en·​gen·​der | \ in-ˈjen-dər How to pronounce engender (audio) , en-\
engendered; engendering\ in-​ˈjen-​d(ə-​)riŋ How to pronounce engendering (audio) , en-​ \

Definition of engender

transitive verb

2 : to cause to exist or to develop : produce policies that have engendered controversy

intransitive verb

: to assume form : originate

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Did You Know?

When "engender" was first used in the 14th century, it meant "propagate" or "procreate," but extended meanings soon developed. "Engender" comes from the Latin verb generare, which means "to generate" or "to beget." "Generate," "regenerate," "degenerate," and "generation" are of course related to the Latin verb as well. As you might suspect, the list of "engender" relatives does not end there. "Generare" comes from the Latin noun genus, meaning "birth," "race," or "kind." From this source we have our own word genus, plus "gender," "general," and "generic," among other words.

Examples of engender in a Sentence

The issue has engendered a considerable amount of debate. a suggestion to go out for pizza that didn't seem to engender any interest

Recent Examples on the Web

Gathering in nontraditional and nondedicated places of worship can actually engender more engagement and energy in a religious community; the people that participate do so because of the community and the relationships, not because of the building. WSJ, "Churchlessness Can Help New Congregations," 8 Feb. 2019 His obsession with the Revolution began at age 5, with a school assignment on national monuments, which inspired a family trip to D.C., which likewise engendered in young Oliver a newfound love of George Washington. Mike Newall, Philly.com, "Touring the Revolution Museum with its biggest fan: 7-year-old Oliver | Mike Newall," 13 Apr. 2018 As an increasingly powerful far right urges a return to the nationstate as a way of governing—and also of being—few in Europe today seem to remember the catastrophes that creeds of exclusion can engender. James Mcauley, Town & Country, "A Secret Paris Museum and an Aristocratic Family Decimated by the Holocaust," 9 Feb. 2017 Still, October is a long way off and engendering confidence that anyone in the rotation beyond ace Luis Severino can regularly deliver command performances is a shaky proposition. New York Times, "Cole Hamels Advertises Himself to the Yankees by Beating Them," 23 May 2018 What vision of eventual success first engendered the policy of putting children into cage-like facilities and now has the administration picking a fight with federal courts? Evan Horowitz, BostonGlobe.com, "Families will be kept together — in detention. What does Trump hope to gain?," 20 June 2018 Chinese leaders see those religions as foreign to China and want to eradicate symbols and practices that engender among believers a sense of having an identity separate from their duties as Chinese citizens. Chun Han Wong, WSJ, "China Applies Xinjiang’s Policing Lessons to Other Muslim Areas," 23 Dec. 2018 The Smart Cities ideal—at least, under non-authoritarian regimes—is to use all that data to provide services better and more efficiently, not to engender urban dystopia. Dan Rosenbaum, Ars Technica, "All hail the AI overlord: Smart cities and the AI Internet of Things," 7 Dec. 2018 The economy king, however, is the also new-for-2018 1.6-liter turbodiesel, a rarity in the compact crossover segment that engenders EPAs of 28 and 39 in a front-drive setting. Al Haas, Philly.com, "Redesigned GMC Terrain Denali offers style, space, agility | Al Haas," 10 Apr. 2018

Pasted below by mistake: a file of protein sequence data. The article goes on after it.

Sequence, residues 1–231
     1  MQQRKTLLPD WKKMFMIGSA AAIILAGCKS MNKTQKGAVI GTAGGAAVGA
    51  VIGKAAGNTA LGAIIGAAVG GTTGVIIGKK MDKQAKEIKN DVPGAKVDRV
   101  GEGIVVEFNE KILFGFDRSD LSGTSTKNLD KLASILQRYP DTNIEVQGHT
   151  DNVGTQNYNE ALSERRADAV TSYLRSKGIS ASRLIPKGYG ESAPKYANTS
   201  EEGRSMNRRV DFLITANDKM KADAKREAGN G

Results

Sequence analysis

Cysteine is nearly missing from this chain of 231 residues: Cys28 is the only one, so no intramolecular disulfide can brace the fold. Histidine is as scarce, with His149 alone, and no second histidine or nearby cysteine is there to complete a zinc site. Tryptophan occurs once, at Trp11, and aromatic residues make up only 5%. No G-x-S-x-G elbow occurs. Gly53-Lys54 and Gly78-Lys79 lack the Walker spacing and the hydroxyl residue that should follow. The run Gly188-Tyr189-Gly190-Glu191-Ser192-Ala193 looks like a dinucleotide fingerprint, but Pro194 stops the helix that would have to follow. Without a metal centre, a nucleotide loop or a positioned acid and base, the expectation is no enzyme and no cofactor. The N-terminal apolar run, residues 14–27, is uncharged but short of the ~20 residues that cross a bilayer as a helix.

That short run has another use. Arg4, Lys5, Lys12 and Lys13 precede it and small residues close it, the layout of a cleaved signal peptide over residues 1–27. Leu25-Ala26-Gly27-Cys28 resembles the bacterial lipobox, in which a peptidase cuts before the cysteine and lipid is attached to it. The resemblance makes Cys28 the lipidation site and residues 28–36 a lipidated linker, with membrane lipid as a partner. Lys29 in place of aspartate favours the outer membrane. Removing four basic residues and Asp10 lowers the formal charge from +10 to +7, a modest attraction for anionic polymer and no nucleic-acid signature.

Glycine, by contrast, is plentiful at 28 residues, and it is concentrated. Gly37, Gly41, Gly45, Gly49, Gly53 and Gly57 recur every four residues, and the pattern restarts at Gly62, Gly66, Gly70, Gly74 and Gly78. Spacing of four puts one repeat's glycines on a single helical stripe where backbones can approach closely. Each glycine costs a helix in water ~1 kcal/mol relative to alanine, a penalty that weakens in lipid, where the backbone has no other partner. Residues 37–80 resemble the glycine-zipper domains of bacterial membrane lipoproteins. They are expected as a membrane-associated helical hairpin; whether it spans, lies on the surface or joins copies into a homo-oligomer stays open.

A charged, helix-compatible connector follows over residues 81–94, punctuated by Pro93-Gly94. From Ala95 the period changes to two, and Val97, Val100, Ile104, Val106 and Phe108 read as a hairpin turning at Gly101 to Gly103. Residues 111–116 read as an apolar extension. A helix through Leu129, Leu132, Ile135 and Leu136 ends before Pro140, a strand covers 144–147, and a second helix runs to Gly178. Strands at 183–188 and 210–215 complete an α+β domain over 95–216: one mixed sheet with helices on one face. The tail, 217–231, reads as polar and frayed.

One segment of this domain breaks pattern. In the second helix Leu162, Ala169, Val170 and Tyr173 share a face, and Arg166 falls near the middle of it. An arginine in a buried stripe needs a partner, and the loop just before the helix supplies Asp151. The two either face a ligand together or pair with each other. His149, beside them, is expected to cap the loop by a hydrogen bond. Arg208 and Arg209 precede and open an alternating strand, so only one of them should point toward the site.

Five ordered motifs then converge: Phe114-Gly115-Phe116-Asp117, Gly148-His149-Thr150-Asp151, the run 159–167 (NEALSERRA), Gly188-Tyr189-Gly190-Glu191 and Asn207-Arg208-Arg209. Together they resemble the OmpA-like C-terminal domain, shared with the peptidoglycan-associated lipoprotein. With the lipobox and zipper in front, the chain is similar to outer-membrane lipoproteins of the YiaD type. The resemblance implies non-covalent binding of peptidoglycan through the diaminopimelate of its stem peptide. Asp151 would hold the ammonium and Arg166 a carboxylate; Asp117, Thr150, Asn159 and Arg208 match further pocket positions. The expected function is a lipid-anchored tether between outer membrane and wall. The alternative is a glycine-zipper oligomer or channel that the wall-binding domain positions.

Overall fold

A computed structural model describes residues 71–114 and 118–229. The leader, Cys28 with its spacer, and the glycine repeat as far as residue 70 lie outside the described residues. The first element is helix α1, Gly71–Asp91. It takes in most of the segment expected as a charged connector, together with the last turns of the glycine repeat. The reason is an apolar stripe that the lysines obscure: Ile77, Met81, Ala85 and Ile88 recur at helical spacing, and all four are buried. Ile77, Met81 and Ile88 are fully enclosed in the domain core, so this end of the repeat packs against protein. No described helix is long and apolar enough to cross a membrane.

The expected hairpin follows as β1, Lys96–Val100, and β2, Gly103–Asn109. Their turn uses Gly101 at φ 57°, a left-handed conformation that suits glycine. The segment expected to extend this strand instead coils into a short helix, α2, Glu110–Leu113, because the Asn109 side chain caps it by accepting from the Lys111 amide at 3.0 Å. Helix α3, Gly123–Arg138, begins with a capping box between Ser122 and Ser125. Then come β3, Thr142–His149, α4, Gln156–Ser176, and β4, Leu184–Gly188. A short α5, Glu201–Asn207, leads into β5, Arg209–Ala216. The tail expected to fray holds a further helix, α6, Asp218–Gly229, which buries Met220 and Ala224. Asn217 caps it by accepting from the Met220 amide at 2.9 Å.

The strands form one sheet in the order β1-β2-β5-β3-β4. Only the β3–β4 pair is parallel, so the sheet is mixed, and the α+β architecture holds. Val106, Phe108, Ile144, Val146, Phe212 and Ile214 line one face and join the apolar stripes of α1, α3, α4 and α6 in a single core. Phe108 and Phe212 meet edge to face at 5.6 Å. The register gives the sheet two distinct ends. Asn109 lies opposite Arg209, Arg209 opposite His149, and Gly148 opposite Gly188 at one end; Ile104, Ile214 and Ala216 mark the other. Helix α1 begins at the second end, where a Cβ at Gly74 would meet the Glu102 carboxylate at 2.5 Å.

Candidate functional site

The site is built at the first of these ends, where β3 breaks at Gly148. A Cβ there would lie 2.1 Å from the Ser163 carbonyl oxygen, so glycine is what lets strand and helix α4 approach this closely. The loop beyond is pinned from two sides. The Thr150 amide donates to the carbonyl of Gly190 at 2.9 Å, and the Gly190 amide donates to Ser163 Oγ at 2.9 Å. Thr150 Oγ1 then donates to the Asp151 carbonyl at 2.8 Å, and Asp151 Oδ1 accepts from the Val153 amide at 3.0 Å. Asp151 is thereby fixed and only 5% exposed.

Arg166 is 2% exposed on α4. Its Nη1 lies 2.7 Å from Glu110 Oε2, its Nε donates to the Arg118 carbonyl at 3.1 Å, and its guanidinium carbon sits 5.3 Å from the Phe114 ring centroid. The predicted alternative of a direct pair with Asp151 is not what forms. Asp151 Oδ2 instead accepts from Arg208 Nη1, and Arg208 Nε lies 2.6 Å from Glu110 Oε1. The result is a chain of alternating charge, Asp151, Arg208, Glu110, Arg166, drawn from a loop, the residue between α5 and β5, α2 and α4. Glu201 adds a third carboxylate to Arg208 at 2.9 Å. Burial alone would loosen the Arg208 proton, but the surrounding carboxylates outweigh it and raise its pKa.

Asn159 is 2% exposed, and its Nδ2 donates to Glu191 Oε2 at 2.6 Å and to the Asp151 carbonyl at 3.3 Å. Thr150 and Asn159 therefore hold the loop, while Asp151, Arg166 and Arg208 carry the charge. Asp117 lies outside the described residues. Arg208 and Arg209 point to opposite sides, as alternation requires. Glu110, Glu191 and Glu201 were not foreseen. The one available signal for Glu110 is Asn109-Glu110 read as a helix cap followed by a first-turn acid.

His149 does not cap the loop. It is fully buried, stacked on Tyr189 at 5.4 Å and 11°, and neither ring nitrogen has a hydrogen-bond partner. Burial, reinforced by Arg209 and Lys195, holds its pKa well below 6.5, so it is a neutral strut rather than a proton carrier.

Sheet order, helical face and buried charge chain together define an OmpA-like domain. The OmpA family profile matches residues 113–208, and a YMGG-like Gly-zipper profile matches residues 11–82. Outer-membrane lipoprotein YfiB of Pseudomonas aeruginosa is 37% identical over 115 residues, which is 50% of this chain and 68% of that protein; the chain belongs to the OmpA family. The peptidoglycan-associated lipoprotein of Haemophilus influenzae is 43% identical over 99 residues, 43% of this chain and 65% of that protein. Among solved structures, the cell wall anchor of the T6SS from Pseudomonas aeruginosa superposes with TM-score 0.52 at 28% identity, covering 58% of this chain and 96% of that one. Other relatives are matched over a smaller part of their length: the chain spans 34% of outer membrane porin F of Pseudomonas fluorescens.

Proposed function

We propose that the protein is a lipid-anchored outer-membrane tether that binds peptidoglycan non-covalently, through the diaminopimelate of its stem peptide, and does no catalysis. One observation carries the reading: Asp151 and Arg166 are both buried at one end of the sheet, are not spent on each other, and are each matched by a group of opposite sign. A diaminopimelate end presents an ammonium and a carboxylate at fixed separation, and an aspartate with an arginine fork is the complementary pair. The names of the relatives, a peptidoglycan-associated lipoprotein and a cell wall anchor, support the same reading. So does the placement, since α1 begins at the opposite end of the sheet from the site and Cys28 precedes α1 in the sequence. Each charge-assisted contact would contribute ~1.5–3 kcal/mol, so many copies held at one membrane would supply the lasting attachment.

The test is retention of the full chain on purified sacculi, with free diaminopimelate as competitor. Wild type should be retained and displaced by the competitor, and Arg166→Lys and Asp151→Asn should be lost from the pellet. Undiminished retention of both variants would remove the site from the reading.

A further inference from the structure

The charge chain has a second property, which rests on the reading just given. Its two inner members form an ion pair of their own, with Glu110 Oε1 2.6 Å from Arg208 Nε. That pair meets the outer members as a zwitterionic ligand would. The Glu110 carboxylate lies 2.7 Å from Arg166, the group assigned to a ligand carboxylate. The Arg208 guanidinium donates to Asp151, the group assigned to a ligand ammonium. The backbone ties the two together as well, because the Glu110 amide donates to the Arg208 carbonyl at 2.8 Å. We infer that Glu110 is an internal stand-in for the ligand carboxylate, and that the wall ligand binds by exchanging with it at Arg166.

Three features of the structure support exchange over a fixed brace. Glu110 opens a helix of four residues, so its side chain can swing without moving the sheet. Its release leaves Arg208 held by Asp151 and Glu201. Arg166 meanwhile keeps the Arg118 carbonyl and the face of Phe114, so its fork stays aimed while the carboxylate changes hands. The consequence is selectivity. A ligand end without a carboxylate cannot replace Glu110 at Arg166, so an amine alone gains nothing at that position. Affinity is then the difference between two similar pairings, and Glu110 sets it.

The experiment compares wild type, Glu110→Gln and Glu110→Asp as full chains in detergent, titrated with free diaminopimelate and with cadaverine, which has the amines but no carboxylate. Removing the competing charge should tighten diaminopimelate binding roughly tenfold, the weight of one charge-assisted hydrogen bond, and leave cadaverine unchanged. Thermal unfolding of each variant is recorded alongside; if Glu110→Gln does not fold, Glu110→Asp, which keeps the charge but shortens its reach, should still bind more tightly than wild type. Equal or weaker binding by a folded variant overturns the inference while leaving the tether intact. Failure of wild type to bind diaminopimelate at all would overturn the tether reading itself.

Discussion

These example sentences are selected automatically from various online news sources to reflect current usage of the word 'engender.' Views expressed in the examples do not represent the opinion of Merriam-Webster or its editors. Send us feedback.

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First Known Use of engender

14th century, in the meaning defined at transitive sense 1

History and Etymology for engender

Middle English engendren, from Anglo-French engendrer, from Latin ingenerare, from in- + generare to generate

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Last Updated

10 May 2019

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The first known use of engender was in the 14th century

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English Language Learners Definition of engender

formal : to be the source or cause of (something)

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More from Merriam-Webster on engender

Rhyming Dictionary: Words that rhyme with engender

Thesaurus: All synonyms and antonyms for engender

Spanish Central: Translation of engender

Nglish: Translation of engender for Spanish Speakers

Britannica English: Translation of engender for Arabic Speakers

Comments on engender

What made you want to look up engender? Please tell us where you read or heard it (including the quote, if possible).


to move with exaggerated bouncy motions

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